Startups rely on growth for their livelihood as customer growth is a key indicator of a successful business model. But if no one is using a new business’s product or service, there’s a good chance it’s not on the right track.
There are a number of important metrics a startup can use to measure the health of its business.
For example, a Life Time Value (LTV) metric will give an idea of how much a startup can expect from customers over the lifetime of their involvement with the company.
However, if a LTV is low, it could be that many customers buy once and never return. This occurrence is measured by something called “churn”. Churn is the percentage of customers who abandon a brand. Of course, the lower the churn, the better.
Measuring churn rate shows how quickly customers are leaving or becoming inactive. A high churn rate could mean that customers are unhappy. It could also mean that a company will need to spend a lot more money to replace those customers who have jumped ship.
Though sources don’t agree on an exact figure, it could cost a business anywhere from 4 to 10 times more to acquire a new customer than to keep an existing one.
Startups must work harder to reduce churn
David Skok explains that as a new company grows, so does the number of subscribers, customers, and users who decide they no longer wish to do to business with the company.
The resulting loss in revenue requires more and more new sign ups from new customers to replace those who are lost each month. To ensure high profit you want your churn rate to be as low as possible.
That means once you acquire a new customer, you need to do everything reasonably possible to make sure they continue to come back again and again.
All businesses – and especially startups – experience a loss of customers. There is no getting around it. What a business must do (besides everything in its power to not lose them) is to figure out what a profitable level of loss is for the company.
How much churn can it live with?
There are several ways to measure customer churn:
- Total number of customers lost during a specific period.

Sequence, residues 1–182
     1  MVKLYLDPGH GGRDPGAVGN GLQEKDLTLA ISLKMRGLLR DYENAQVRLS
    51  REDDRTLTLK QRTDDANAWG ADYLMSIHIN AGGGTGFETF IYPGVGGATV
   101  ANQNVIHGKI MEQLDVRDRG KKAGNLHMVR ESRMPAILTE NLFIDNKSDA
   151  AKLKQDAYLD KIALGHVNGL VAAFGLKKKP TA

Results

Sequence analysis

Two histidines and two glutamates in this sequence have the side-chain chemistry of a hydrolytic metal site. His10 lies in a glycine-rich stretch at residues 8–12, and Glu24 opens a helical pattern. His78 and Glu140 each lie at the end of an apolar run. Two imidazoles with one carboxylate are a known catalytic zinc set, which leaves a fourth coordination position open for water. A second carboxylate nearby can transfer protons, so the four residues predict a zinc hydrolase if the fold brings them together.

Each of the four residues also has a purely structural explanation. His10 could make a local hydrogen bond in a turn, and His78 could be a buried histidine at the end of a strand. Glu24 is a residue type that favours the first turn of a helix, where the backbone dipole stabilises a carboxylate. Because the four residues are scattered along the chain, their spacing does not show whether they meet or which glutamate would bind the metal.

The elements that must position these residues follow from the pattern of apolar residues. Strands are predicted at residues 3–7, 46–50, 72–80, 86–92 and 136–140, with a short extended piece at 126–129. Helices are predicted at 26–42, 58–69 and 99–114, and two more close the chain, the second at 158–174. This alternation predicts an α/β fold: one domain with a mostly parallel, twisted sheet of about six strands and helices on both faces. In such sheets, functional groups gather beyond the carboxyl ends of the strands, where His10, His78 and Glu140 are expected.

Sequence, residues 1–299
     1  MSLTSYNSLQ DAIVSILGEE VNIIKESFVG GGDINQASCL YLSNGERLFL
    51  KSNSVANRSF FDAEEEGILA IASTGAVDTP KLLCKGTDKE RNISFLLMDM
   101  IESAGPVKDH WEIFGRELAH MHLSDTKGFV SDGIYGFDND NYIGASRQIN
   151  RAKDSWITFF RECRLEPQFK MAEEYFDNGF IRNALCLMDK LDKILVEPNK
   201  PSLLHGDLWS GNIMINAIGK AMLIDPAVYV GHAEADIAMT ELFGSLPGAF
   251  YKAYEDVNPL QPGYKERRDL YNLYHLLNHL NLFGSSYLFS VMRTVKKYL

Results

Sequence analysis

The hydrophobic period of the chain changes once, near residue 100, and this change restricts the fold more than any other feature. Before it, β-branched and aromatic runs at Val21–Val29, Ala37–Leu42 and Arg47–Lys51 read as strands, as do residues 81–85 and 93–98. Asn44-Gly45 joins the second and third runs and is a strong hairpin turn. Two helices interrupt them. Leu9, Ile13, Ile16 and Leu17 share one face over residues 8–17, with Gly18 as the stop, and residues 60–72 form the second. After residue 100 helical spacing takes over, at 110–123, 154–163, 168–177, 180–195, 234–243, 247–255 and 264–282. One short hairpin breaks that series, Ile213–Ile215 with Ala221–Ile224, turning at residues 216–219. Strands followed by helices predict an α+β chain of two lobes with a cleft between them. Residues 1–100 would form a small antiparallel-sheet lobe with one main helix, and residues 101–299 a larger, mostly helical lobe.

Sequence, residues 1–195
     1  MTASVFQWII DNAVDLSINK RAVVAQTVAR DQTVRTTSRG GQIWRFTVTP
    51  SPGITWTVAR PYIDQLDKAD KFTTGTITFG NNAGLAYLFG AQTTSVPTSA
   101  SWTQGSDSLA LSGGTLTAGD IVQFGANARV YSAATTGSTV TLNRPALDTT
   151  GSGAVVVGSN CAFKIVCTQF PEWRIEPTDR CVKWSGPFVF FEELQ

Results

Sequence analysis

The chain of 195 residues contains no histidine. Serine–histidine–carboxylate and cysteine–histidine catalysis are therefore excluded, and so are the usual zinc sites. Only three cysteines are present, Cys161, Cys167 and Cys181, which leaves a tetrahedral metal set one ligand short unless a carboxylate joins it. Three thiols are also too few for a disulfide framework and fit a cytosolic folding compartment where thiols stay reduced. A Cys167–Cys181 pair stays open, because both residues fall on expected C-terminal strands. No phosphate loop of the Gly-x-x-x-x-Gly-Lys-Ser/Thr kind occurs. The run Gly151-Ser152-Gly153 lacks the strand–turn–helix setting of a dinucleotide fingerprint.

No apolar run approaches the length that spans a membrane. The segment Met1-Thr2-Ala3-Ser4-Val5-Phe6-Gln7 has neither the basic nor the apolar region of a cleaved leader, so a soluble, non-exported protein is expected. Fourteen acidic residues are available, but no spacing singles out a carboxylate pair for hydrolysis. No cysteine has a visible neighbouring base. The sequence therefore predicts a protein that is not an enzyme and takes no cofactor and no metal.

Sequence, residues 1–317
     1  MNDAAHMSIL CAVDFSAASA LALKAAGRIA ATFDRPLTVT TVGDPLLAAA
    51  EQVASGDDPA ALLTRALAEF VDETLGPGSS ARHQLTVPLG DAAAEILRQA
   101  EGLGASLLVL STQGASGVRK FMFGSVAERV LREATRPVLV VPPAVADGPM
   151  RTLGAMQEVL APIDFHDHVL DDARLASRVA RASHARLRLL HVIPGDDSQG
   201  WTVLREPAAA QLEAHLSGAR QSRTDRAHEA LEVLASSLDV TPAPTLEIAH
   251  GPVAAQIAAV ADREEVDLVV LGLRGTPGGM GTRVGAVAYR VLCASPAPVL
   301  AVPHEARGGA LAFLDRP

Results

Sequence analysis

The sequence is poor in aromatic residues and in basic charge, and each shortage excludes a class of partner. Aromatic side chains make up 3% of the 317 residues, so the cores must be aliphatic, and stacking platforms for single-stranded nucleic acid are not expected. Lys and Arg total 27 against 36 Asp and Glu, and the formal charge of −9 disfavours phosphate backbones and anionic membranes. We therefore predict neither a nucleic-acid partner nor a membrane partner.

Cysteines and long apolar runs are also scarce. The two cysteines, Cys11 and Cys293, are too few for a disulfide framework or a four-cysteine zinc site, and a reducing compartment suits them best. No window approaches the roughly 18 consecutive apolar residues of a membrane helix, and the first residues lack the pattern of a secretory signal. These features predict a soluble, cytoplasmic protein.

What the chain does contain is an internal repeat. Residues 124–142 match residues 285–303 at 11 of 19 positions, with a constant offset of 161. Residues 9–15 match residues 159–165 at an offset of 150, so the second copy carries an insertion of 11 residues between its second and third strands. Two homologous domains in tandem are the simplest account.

- Percentage of customers lost during a specific period.
- Recurring business value lost.
- Percentage of recurring value lost.
A simplified churn formula would look something like this:
Churn rate = Number of customers who left / Total number of customers
If 50 customers discontinue doing business with a company, leaving the company with 500 customers, the churn rate would resemble this:
Churn rate = 50 / 500 = 10%
Focus on Customer Engagement
To better understand why customers leave, it’s necessary to measure customer engagement.
Measuring customer engagement for each customer will help you see why some customers don’t churn and what factors influence those who do. Once you have this information, you can begin to address the causes of churn.
To mitigate customer churn, put their experience front and center. Consider designing a survey in order to find out:
- Why your product or service isn’t providing enough value.
- What the main reason is for discontinuing to do business with you.
- How likely it is customers will recommend your product or service.
Remember: measuring customer satisfaction over the entire journey is much more effective than measuring isolated transactions. Mapping customer journeys will enable you to quickly identify problem areas and how you can better assist your customers, reducing any frustration they may experience while increasing their LTV.
Focus on ways to directly interact with your customers. By giving your customers a voice, your startup will more successfully create zealous advocates who will spread the word about your business more loudly and broadly than you can do on your own.